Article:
We've all seen them, the speed and red light camera box at Ohio intersections.
Now, Ohio lawmakers are debating making them a thing of the past.
"They're not accurate. They violate due process. You're presumed guilty instead of presumed innocent," said attorney Mike Allen. "There are so many constitutional and legal flaws with these things. That's why I got involved."
Allen led the effort in one southwestern Ohio village to have the cameras removed. He said the issue is not about safety.
"It's about revenue - pure and simple. And people ought to be up front and honest about that," said Allen.
In fact, major cities in Ohio generate millions of dollars from the traffic camera fines.
Just last year, Cleveland collected more than $6 million, Toledo $4.2 million, Dayton $4 million, and Columbus just over $2 million.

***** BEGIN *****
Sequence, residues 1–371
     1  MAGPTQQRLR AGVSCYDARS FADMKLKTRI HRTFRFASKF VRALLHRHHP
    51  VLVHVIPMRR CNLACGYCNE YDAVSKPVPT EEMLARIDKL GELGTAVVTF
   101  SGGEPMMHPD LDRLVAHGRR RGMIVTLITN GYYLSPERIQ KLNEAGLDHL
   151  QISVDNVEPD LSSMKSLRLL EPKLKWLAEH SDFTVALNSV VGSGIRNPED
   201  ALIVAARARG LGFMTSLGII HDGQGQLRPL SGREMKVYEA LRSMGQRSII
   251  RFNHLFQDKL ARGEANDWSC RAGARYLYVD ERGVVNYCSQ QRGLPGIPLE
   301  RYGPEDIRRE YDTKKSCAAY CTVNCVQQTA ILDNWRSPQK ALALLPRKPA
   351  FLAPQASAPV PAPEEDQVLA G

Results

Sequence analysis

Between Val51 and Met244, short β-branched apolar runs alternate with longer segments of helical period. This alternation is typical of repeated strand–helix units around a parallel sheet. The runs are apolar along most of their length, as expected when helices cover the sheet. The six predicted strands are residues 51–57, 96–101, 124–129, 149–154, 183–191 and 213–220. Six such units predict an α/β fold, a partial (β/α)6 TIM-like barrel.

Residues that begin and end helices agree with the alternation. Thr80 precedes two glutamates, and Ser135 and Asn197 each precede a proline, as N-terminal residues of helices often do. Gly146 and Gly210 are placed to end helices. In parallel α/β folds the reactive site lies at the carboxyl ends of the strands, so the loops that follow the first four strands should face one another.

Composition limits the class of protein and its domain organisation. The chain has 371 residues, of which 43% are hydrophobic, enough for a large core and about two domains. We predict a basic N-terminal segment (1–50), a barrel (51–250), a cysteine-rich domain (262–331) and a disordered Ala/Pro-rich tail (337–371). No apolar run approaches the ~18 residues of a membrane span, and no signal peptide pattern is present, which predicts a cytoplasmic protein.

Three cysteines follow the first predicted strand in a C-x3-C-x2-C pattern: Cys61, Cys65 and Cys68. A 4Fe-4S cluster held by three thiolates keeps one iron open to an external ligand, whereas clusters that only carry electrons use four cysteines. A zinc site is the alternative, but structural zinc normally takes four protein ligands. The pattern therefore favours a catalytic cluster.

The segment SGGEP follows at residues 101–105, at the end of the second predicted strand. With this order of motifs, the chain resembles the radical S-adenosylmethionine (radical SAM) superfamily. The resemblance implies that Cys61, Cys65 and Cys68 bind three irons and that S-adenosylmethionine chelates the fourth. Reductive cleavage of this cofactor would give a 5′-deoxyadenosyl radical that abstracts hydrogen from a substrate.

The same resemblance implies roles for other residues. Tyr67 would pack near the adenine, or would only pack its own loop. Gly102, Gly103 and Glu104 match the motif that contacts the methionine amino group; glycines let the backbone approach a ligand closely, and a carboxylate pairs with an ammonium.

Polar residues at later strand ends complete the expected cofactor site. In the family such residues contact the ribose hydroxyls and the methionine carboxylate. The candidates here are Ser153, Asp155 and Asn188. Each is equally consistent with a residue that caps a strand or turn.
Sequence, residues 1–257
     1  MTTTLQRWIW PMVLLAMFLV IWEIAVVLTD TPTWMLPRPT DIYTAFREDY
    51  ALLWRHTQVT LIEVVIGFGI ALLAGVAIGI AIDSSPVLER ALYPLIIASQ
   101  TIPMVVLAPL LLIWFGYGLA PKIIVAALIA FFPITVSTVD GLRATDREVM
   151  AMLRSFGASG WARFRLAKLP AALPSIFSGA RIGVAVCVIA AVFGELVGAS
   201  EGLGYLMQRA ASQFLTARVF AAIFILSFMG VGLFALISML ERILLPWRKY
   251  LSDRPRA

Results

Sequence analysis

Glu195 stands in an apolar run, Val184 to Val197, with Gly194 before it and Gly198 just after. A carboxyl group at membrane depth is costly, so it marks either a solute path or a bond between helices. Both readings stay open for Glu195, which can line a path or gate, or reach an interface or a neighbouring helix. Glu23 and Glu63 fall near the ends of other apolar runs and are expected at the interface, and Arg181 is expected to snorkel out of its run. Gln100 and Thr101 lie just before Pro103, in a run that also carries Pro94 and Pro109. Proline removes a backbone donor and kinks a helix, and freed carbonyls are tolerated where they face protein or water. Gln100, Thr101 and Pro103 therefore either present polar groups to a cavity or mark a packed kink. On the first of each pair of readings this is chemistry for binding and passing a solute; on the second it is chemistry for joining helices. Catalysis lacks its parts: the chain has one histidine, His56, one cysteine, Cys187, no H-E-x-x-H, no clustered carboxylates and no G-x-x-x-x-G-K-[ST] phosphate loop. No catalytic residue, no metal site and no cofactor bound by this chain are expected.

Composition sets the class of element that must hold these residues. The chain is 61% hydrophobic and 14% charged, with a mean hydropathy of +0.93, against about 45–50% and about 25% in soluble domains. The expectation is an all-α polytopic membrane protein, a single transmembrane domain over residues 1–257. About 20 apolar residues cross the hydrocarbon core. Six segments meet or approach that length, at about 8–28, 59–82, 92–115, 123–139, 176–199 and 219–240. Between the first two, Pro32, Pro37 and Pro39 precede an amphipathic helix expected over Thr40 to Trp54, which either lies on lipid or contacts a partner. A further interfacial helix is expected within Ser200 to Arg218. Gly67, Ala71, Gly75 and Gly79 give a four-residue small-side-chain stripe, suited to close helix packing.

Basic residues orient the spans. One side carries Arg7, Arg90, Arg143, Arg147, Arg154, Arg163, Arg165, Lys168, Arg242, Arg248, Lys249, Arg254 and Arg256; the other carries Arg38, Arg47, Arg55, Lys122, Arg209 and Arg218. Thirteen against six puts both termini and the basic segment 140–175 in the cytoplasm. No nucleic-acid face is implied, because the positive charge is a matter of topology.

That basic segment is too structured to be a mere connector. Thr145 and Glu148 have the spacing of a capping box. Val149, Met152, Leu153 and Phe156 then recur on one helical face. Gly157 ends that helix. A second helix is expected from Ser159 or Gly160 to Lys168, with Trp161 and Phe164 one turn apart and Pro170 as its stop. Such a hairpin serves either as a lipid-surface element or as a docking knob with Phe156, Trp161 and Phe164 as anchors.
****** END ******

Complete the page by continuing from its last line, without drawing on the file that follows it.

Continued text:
George Speaks from the Columbus Department of Public Safety said revenue is a secondary issue.
"The reason technology works is the old principal of negative reinforcement," said Speaks. "Folks are fined, and because they're fined, they're not going to do it again. So you have to have a fine to modify the behavior."
Speaks said the cameras help make the roads safer by identifying drivers that speed through red lights, putting other drivers, and pedestrians, at risk.
"By banning the technology, accidents will increase, deaths, injury and property damage, I'm afraid, will increase," said Speaks.
Supporters of the cameras say they'll ask Gov. John Kasich to veto the ban if it reaches his desk.
As for all those cameras already in place, Allen admits local communities could suffer financially.
"I get that, but this is not a way to balance the budget. It's just not," said Allen.
The full Ohio House could vote to ban the red light cameras on Wednesday.
If the state Senate follows suit, and Kasich signs it into law, Ohio would become the 13th state to ban speed and red-light cameras.
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